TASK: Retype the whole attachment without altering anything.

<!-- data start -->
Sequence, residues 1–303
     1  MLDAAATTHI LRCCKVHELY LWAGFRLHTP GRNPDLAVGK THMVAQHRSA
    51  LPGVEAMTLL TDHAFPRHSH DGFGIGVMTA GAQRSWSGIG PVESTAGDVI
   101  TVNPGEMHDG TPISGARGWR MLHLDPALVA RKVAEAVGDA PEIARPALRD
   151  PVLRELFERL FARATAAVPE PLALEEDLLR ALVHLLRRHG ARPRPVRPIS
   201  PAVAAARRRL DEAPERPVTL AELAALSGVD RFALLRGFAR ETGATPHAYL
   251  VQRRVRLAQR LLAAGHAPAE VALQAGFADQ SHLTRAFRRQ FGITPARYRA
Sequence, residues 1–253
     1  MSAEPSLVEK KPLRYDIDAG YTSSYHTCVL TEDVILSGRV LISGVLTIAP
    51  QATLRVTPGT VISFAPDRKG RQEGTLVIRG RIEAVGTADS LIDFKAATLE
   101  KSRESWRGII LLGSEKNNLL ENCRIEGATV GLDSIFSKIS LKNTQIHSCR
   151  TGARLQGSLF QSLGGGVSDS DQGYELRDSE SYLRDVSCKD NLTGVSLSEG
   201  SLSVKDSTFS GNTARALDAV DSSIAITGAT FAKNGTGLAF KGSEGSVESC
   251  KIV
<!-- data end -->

Sequence, residues 1–303
     1  MLDAAATTHI LRCCKVHELY LWAGFRLHTP GRNPDLAVGK THMVAQHRSA
    51  LPGVEAMTLL TDHAFPRHSH DGFGIGVMTA GAQRSWSGIG PVESTAGDVI
   101  TVNPGEMHDG TPISGARGWR MLHLDPALVA RKVAEAVGDA PEIARPALRD
   151  PVLRELFERL FARATAAVPE PLALEEDLLR ALVHLLRRHG ARPRPVRPIS
   201  PAVAAARRRL DEAPERPVTL AELAALSGVD RFALLRGFAR ETGATPHAYL
   251  VQRRVRLAQR LLAAGHAPAE VALQAGFADQ SHLTRAFRRQ FGITPARYRA
Sequence, residues 1–253
     1  MSAEPSLVEK KPLRYDIDAG YTSSYHTCVL TEDVILSGRV LISGVLTIAP
    51  QATLRVTPGT VISFAPDRKG RQEGTLVIRG RIEAVGTADS LIDFKAATLE
   101  KSRESWRGII LLGSEKNNLL ENCRIEGATV GLDSIFSKIS LKNTQIHSCR
   151  TGARLQGSLF QSLGGGVSDS DQGYELRDSE SYLRDVSCKD NLTGVSLSEG
   201  SLSVKDSTFS GNTARALDAV DSSIAITGAT FAKNGTGLAF KGSEGSVESC
   251  KIV